The Wallace District Mining Museum has set the goal of both entertaining and educating the public regarding the rich mining history of the “silver valley.” Located in historic Wallace, Idaho, the museum offers numerous exhibits that display original mining equipment, most within a mock timber mine. It also contains a large archival repository and offers both free and paid research opportunities.
tunneling, early mining, surface transportation, rock bolting, and aerial
tramway exhibits, among others, the museum conveys the history of mining in the
area from the days of the earliest gold rush to the continuing silver mining
efforts. Shoshone County has produced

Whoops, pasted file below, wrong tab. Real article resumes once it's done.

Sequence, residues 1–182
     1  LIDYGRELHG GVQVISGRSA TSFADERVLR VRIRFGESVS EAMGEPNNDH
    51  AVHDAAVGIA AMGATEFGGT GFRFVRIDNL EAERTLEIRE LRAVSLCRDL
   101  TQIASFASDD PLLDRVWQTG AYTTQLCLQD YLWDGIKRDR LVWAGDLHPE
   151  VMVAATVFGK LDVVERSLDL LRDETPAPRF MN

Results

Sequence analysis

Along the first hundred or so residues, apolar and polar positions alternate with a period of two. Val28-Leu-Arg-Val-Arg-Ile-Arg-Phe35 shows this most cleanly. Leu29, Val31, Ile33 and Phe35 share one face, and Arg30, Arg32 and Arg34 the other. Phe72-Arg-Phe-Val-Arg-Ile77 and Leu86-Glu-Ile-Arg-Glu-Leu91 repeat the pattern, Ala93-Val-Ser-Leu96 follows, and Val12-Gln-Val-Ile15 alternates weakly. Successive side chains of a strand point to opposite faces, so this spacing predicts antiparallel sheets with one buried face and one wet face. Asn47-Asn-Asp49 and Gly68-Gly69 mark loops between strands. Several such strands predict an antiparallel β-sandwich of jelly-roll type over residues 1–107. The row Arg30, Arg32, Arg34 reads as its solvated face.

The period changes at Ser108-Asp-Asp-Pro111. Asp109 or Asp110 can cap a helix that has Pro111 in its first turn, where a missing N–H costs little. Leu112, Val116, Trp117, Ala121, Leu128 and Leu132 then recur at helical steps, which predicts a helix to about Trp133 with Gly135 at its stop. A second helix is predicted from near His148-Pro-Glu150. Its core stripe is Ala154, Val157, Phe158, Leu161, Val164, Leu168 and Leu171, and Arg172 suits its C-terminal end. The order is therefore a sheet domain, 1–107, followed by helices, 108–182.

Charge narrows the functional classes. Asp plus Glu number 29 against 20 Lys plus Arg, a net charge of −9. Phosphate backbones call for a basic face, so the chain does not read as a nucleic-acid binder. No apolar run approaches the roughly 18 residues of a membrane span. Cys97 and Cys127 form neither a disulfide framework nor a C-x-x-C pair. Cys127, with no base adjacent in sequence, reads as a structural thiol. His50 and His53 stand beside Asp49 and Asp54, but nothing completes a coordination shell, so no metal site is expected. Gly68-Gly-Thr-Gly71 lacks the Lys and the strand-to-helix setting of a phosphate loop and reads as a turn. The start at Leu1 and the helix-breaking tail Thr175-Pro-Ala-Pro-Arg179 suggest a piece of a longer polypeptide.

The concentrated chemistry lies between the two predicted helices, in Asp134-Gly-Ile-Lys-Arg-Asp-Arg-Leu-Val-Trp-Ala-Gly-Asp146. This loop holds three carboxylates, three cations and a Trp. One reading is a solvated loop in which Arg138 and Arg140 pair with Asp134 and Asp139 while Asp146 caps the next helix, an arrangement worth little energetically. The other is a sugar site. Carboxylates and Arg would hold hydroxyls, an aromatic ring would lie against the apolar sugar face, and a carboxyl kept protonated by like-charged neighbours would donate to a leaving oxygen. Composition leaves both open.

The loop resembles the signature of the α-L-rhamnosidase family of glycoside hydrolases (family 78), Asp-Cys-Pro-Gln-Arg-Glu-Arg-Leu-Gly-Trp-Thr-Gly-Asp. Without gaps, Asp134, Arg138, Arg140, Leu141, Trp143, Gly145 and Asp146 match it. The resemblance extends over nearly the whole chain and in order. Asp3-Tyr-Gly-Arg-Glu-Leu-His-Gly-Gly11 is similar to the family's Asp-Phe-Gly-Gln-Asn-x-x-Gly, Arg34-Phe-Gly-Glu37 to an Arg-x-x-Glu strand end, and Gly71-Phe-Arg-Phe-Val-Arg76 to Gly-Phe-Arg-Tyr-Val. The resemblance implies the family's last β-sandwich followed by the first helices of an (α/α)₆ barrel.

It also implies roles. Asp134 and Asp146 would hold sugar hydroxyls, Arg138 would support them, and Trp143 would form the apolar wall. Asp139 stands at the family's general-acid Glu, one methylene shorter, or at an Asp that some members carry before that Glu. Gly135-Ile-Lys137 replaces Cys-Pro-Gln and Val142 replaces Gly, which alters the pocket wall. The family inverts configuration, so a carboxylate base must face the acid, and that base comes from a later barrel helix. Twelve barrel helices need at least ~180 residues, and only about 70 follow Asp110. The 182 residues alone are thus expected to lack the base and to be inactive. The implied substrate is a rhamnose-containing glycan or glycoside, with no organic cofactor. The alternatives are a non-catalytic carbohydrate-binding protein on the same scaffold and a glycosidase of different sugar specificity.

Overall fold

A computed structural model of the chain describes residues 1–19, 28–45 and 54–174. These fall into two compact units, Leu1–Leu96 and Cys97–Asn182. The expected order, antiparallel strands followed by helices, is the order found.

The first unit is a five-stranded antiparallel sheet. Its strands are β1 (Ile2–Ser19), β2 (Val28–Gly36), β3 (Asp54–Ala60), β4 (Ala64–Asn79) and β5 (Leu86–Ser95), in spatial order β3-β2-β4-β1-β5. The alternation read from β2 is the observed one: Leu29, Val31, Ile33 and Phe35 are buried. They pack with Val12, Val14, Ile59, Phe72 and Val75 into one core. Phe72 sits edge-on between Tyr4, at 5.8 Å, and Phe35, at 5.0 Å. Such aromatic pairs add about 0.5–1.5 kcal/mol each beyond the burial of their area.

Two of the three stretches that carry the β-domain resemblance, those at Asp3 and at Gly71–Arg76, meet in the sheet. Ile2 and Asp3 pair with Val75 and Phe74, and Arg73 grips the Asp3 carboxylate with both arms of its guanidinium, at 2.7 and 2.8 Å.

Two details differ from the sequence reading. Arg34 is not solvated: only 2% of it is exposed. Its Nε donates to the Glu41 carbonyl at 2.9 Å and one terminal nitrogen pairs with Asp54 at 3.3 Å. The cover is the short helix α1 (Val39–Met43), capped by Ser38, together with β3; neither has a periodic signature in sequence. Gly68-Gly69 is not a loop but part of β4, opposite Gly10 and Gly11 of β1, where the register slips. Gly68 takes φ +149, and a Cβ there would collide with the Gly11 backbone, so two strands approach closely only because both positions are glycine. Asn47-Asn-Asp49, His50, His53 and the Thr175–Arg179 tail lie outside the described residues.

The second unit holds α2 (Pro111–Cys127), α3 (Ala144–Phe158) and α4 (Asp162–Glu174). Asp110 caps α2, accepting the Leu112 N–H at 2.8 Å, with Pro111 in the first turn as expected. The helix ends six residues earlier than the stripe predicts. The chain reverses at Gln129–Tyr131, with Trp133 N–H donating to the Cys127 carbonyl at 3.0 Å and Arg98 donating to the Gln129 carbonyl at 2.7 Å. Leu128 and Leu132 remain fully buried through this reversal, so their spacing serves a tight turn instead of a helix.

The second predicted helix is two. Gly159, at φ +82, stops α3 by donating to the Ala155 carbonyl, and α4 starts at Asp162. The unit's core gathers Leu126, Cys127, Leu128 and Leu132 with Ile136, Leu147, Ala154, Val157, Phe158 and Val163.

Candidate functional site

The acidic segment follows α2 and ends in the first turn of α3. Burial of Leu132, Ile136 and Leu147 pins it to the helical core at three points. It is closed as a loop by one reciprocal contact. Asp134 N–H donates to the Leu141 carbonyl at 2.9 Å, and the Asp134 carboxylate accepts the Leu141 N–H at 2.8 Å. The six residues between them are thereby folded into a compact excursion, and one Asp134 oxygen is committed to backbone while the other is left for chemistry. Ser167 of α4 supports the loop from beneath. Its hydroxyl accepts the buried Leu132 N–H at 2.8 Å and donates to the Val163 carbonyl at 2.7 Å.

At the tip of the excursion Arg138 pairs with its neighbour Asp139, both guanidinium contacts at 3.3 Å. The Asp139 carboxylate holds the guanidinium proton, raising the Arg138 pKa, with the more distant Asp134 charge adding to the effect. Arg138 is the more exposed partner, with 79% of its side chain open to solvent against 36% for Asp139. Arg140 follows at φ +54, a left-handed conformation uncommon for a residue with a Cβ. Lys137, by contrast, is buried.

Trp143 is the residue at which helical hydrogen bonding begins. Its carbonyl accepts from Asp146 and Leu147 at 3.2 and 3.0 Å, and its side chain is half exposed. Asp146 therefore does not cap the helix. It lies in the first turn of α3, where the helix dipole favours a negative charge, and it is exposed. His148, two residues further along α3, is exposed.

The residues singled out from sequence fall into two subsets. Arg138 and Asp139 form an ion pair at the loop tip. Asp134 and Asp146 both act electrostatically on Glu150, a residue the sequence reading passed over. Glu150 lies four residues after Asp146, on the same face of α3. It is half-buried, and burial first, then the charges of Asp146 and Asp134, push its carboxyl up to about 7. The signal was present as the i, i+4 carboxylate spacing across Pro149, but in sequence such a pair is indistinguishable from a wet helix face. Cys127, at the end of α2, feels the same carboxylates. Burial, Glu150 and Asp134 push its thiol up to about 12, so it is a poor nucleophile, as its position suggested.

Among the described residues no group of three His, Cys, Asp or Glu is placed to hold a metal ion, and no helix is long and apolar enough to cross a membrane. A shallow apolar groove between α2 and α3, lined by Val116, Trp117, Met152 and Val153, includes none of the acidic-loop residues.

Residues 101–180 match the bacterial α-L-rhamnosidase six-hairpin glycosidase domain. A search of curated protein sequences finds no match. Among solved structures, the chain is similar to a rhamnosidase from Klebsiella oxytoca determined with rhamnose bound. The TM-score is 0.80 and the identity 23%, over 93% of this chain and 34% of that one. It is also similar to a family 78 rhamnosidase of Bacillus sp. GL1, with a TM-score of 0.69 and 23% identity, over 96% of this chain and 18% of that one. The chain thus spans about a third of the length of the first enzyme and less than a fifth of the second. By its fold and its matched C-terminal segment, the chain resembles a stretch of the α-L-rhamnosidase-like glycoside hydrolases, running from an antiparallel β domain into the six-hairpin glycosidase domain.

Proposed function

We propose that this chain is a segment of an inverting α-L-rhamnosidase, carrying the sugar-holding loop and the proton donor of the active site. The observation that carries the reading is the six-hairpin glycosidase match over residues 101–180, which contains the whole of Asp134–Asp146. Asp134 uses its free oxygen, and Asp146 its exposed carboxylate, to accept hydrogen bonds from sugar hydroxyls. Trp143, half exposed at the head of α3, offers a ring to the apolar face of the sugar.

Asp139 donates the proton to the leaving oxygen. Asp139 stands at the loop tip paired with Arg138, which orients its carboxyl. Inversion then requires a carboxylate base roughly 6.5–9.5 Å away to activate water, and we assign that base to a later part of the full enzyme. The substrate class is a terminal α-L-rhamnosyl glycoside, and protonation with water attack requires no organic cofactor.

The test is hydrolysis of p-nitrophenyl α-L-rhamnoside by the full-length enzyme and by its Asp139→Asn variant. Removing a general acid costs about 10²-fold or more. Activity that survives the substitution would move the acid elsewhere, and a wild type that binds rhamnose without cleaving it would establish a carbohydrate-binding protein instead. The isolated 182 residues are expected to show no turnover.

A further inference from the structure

over 1.2 billion ounces of silver since 1884, making Wallace the
self-proclaimed “Silver Capital of the World,” and the town has had several of
its blocks added to the National Register of Historic Places in 1979.
also contains a three dimensional model of the Sunshine Mine, which was the
largest silver mine on the globe. It
also offers a documentary mining video, visitor information services, a gift
shop that sells jewelry, books and other mining related items, and a free public
research kiosk. Data “miners” will also
conduct paid research on visitor’s behalf for $30 per hour. Their research includes, but is not limited
to genealogies, the history of district mines and local rail road and transportation
is open year round, but the days and hours vary throughout the year, so please
call ahead to check its hours of operation.